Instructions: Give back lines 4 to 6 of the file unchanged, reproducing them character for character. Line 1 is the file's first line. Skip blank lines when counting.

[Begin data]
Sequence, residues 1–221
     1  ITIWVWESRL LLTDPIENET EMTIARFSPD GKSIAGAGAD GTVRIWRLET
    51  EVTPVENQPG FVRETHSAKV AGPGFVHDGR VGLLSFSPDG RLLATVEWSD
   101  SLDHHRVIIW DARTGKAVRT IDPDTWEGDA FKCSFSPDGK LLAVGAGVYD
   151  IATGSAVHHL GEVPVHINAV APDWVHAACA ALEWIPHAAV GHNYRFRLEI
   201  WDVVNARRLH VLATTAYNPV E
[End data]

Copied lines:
   101  SLDHHRVIIW DARTGKAVRT IDPDTWEGDA FKCSFSPDGK LLAVGAGVYD
   151  IATGSAVHHL GEVPVHINAV APDWVHAACA ALEWIPHAAV GHNYRFRLEI
   201  WDVVNARRLH VLATTAYNPV E